How Pertussis Changed Our Lives
On December 24, 2009 I gave birth to a feisty 4lb 5oz baby girl named Callie. She was our “miracle” baby after 5 years of trying and 4 miscarriages. She came 6 weeks early due to pre-eclampsia and spent 12 days in the neonatal intensive care unit. She came home and she thrived. She was happy, and gaining weight. She was the PERFECT baby. On January 24 we noticed she had a small cough. On Monday I took her to the doctor and they told me it was “just a cough” and would be gone in a few days. Tuesday, she was more tired than usual. Wednesday she was lethargic and wasn’t eating. We went back to the doctor and while waiting, she stopped breathing in my arms. She came back on her own, but we were rushed to the emergency department and admitted into the pediatric intensive care unit. It wasn’t until Friday that they tested for Meningitis and Pertussis (whooping cough). At 11:00 pm after a respiratory therapy session, her condition worsened. At 1:17 am she was GONE. It wasn’t until Monday, February 1 that we learned she passed from Pertussis. February 1 was her original due date….the same date as her viewing.
We keep Callie’s spirit alive by educating others about pertussis and the importance of the DTaP vaccine for infants and young children and the Tdap vaccine for pregnant women, adolescents and adult family members.
Pertussis, also known as whooping cough, is a highly contagious respiratory disease. It is caused by the bacterium Bordetella pertussis. Babies can contract the disease from family members or others who don’t know they have the disease. Whooping Cough or Pertussis is spread easily through the air when the infected person coughs or sneezes. Pregnant women who are infected can also transmit the disease to their unborn baby.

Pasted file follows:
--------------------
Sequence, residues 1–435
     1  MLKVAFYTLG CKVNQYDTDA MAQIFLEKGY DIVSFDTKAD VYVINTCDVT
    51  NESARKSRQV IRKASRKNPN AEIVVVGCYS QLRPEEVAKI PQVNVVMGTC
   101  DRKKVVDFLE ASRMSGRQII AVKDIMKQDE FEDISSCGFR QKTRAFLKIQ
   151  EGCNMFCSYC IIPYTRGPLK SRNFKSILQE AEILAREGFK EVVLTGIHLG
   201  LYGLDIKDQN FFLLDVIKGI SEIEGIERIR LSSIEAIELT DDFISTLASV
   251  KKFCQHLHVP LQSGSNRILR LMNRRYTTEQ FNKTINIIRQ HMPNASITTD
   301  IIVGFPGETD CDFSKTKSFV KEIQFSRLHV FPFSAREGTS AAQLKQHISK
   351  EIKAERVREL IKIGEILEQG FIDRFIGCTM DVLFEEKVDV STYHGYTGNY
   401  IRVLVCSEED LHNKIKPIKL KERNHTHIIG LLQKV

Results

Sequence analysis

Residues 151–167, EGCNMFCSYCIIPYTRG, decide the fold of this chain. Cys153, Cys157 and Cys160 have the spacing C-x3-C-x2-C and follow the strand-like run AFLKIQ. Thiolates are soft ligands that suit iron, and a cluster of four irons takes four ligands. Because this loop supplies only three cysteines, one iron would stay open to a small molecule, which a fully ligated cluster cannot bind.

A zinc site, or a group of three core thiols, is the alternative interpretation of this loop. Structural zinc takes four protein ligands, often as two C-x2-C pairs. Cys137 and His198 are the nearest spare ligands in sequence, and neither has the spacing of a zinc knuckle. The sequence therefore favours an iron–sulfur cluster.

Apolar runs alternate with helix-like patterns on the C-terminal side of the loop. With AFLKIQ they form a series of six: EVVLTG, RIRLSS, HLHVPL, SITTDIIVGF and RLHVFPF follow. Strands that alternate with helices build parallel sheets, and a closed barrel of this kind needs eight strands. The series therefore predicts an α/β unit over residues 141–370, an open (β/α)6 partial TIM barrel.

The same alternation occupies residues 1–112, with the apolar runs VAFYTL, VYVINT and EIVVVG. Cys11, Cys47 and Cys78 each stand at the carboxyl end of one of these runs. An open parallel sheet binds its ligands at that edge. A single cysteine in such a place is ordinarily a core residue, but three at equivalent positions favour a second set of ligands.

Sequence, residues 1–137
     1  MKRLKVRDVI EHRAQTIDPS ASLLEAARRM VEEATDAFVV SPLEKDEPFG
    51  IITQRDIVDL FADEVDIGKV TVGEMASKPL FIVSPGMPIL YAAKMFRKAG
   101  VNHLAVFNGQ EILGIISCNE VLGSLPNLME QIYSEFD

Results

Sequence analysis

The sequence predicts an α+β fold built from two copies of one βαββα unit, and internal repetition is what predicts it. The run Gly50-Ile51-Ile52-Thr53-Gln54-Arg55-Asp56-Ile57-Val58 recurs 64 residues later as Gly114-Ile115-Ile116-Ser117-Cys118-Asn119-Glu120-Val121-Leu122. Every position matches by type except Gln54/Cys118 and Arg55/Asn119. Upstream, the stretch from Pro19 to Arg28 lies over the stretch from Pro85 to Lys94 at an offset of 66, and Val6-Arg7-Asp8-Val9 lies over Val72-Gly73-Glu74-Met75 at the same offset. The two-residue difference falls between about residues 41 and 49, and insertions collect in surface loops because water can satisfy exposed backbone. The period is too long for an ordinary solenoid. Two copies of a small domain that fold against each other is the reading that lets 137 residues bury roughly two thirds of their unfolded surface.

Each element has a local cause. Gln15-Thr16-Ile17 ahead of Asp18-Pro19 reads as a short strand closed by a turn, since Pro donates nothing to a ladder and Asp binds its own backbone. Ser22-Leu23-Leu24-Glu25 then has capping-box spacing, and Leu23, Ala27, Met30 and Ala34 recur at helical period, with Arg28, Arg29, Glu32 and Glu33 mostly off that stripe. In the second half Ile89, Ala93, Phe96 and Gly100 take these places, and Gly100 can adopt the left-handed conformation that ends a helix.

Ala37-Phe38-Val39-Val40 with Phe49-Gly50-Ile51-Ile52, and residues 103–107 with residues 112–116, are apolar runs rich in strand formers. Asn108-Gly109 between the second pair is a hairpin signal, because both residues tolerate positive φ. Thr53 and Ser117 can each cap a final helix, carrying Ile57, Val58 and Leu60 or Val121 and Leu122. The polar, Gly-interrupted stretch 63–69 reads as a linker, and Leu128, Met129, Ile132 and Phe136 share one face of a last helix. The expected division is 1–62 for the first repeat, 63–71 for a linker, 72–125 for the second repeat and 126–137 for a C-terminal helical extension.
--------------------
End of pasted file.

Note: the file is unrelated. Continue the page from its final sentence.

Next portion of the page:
Pertussis is known for uncontrollable, violent coughing which often makes it hard to breathe. After fits of many coughs, someone with pertussis often needs to take deep breathes which result in a “whooping” sound. Pertussis most commonly affects infants and young children and can be fatal, especially in babies less than 1 year of age.
Last year, there were 29,000 cases of pertussis in the United States and about 700 cases in Indiana.
The best way to protect against pertussis is to be vaccinated with the DTaP or Tdap vaccine which protects against diphtheria, tetanus and pertussis. Pregnant women should be vaccinated in their third trimester to protect their newborns. All family members should receive the vaccine to protect the newborn baby. Infants should receive the vaccine at 2 months of age with five doses given up to 6 years of age.